In the early years of data centers, when computing technology was costly and temperamental, protecting hardware with critical power and cooling capabilities was the top priority. Later, during the early growth years driven by the internet boom, hardware protection was a given, and data center managers were tasked with making sure availability and uptime SLAs were always met. Now, customers take availability and uptime as givens, and data center managers find themselves in a third era of data center management: optimizing energy use amid unprecedented resource proliferation and demand for a growing cadre of computing and communication services.

Rising energy costs combined with the increasing size, sophistication, and energy density of data centers present new challenges for managers under pressure to continually improve performance and reduce operational expenses. In this environment, data center managers must have access to accurate and timely information about their assets, resource use, and systems status—from granular infrastructure to high-level overviews—while also meeting operational demands in an energy-constrained environment. This level of complexity requires a new approach: data center infrastructure management (DCIM) software.

As described by Kevin Brown and Dennis Bouley in “Classification of Data Center Management Software Tools,” an APC by Schneider Electric white paper, few data center managers lack a formal system for classifying software management tools, a reflection that many data centers are managed with loosely-aligned tools for IT and facility management. DCIM, on the other hand, integrates data collection and systems control into a single point of access.

DCIM encompasses management of IT systems (computing, storage, and networking assets) and streamlining capabilities such as inventory and asset management, while providing data center managers with entirely new capabilities including change and workflow tracking, simulation of future scenarios, dependency analysis, and impact analysis of pending upgrades or facility modifications. DCIM can also integrate with software controlling the data center infrastructure, such as power, cooling, and physical security.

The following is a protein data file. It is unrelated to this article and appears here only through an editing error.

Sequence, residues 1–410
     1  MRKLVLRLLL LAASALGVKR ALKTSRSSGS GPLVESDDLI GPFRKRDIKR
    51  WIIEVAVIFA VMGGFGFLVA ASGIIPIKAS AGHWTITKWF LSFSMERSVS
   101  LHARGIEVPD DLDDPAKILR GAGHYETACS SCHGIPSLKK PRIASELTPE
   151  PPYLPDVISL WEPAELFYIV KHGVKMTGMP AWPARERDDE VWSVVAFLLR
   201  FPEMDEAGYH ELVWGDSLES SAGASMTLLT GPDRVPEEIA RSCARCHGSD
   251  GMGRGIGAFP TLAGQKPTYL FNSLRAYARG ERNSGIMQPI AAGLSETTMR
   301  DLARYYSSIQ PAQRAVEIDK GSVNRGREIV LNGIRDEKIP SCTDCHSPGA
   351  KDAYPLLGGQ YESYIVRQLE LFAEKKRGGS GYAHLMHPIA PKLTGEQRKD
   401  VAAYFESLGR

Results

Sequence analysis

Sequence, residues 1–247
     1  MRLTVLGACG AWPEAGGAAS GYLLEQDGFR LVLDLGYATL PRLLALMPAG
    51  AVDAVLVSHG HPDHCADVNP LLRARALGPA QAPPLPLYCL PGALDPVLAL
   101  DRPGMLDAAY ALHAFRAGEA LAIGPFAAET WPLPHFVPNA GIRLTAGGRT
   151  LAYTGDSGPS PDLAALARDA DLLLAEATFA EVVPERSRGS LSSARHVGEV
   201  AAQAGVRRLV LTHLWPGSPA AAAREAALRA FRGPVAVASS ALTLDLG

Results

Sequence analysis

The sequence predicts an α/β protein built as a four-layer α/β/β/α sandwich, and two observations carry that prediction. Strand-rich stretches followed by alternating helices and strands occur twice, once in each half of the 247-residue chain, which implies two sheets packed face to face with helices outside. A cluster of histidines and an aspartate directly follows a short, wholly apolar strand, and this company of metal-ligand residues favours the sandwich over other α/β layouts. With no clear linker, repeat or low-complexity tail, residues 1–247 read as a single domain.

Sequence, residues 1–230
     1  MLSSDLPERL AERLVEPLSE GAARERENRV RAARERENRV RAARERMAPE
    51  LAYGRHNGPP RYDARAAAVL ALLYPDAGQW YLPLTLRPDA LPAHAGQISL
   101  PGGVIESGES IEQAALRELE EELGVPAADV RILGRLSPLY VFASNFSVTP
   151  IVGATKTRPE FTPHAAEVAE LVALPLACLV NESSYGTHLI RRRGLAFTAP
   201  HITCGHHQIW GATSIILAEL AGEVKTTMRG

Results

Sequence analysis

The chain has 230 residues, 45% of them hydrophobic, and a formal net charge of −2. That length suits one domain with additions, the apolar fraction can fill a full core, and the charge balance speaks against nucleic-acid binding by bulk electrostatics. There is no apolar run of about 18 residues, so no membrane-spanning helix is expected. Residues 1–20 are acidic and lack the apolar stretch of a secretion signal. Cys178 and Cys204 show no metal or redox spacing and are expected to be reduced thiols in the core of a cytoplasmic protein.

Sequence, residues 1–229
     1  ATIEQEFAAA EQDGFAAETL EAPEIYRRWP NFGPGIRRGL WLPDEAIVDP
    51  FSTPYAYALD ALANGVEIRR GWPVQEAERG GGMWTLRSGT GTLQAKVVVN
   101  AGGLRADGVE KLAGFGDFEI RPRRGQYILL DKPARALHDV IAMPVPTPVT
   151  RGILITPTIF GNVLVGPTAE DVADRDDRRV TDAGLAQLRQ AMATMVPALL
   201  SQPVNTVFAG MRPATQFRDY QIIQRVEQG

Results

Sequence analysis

“Data center teams seek to satisfy growing demand for services, and at the same time optimize energy use and efficiency,” says Brown, vice president of the IT business, Schneider Electric. “In this environment, DCIM can provide a significant competitive advantage by arming managers with insight and actionable information about their assets and operations.”


The complexity of managing assets results from changes in data center architecture within new high-density data centers, driven in large part from consolidation, colocation, and virtualization. Often these changes take place amid continuing financial pressures, so managers also must often build on the existing infrastructure. Software is essential to managing this transition, and both trends are major drivers for the adoption of DCIM.

At the same time, legislation and standards within the industry are encouraging and mandating efficiency. The European Union’s Code of Conduct provides guidelines on power usage efficiency (PUE), and the U.S. EPA Energy Star for Data Centers provides guidelines on energy monitoring and efficiency. Many data center management teams now consider energy efficiency a key marketing differentiator in winning new customers who care about their environmental profiles.